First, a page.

What is Ikebana?

Ikebana has been practiced as a traditional art in Japan for more than 700 years. Unlike the western practice of clustering a mass of blooms, Ikebana is based on an asymmetrical line of branches and leaves with a few flowers, symbolizing heaven, earth and man. The container is also an important part of the composition.

The origin of Ikebana goes back to remote antiquity where trees were considered a dwelling place of the gods. Later, trees and flowers were dedicated to dead persons to comfort their soul.  After Buddhism was introduced to Japan (around A.D. 680) the custom of dedicating trees and flowers at the altar was developed and by the Hein era (794-1185) the practice of Ikebana was well established.

The original school of Ikebana has its beginnings with a priest at the Rokkakudo Temple in Kyoto. He was so skilled that other priests came to him for instruction. Because he lived next to a lake, the name Ikenobo (lake) became attached to the priests that studied altar arrangements. By the middle of the 15th century, Ikebana achieved the status of an art form and, besides the priests, the merchant class began to practice the art. Patterns and styles evolved and by the late 15th century, rules were established for combining materials in specific ways. The oldest existing text is Sendensho, a compilation of the art from 1443 to 1536.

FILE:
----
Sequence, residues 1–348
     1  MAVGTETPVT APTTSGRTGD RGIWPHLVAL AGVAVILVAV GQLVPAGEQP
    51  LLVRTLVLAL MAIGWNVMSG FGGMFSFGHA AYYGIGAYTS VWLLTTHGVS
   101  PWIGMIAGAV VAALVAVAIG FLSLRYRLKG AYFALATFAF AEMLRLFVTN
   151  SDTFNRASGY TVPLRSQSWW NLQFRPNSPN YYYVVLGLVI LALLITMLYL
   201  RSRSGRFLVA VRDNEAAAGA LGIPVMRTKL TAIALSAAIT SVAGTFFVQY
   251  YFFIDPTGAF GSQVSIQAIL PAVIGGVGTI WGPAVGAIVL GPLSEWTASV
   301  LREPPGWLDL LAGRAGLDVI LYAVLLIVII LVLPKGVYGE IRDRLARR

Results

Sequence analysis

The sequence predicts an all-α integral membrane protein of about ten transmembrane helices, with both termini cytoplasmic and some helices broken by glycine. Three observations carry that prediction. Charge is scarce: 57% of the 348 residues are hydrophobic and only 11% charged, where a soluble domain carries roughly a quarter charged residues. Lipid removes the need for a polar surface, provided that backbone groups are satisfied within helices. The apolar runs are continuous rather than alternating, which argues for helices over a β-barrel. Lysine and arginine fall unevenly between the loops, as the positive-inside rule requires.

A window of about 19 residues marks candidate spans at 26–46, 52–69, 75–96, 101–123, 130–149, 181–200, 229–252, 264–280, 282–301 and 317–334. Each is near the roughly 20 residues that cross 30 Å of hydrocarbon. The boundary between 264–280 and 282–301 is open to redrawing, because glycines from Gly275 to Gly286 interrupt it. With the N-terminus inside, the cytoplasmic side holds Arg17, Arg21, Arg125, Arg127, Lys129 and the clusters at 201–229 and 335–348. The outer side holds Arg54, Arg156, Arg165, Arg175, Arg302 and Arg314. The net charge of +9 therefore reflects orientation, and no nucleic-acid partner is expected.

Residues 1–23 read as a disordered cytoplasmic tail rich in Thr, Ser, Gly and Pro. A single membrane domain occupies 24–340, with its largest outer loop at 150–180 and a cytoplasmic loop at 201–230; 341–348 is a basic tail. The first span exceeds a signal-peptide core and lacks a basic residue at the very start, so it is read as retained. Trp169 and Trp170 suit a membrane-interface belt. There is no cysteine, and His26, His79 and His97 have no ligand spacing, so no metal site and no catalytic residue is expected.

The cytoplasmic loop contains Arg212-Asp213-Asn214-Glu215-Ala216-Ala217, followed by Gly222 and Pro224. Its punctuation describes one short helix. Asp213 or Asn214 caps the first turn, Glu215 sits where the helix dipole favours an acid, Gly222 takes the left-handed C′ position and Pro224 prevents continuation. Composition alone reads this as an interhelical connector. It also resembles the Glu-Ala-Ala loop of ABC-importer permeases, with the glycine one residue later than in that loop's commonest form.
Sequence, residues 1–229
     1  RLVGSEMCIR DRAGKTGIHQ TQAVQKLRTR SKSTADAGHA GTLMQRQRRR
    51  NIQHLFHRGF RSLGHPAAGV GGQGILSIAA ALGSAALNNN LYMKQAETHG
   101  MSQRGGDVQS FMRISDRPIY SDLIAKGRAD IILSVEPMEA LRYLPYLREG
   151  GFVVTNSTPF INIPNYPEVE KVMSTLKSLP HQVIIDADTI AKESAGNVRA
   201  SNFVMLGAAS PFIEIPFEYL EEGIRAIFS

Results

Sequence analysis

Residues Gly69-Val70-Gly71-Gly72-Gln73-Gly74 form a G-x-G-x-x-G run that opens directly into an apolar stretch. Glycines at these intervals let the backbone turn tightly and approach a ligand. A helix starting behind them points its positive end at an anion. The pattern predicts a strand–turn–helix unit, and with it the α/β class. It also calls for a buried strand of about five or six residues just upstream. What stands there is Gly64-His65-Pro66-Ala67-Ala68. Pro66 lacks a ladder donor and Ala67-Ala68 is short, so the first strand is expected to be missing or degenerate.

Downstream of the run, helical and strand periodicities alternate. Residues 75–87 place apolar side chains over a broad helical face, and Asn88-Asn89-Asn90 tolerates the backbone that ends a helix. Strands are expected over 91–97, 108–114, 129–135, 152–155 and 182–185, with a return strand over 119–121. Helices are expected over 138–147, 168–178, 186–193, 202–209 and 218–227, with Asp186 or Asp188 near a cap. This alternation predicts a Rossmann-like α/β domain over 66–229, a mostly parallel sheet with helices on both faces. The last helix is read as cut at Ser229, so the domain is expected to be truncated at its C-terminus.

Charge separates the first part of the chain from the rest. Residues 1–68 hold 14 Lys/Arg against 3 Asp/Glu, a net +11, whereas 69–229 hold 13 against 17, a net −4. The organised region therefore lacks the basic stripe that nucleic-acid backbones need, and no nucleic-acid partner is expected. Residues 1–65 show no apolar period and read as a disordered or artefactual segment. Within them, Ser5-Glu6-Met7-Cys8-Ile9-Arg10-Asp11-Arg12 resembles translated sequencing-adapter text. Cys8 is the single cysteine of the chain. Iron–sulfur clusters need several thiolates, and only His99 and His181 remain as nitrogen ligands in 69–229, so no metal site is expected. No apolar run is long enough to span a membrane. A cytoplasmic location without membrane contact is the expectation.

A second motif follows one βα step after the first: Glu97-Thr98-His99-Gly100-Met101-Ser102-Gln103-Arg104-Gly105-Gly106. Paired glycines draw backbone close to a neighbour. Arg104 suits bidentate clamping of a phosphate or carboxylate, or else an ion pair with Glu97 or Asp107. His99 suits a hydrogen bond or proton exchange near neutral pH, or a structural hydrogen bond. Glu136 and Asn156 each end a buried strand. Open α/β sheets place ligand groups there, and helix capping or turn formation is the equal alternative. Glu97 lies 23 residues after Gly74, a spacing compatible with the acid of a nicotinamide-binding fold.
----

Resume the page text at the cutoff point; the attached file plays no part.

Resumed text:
As time passed, different schools of Ikebana were established, each “school” identified as generations of a family dynasty. Eventually, all levels of Japanese society were allowed to practice Ikebana, not just the upper classes –even the Samurai were required to study!  Today, the headquarters of the Ikenobo School is still located next to the Rokkakudo Temple (above) where I began my teacher training!

Ikebana is studied throughout the world with hundreds of “schools” and organized chapters in every major city in the United States. To reflect the rich diversity of the Bay Area, I decided to establish my own school, The Tayou Bunka (multi-cultural) School of Ikebana. This new approach welcomes people of many different cultures to learn traditional and modern techniques of Ikebana.

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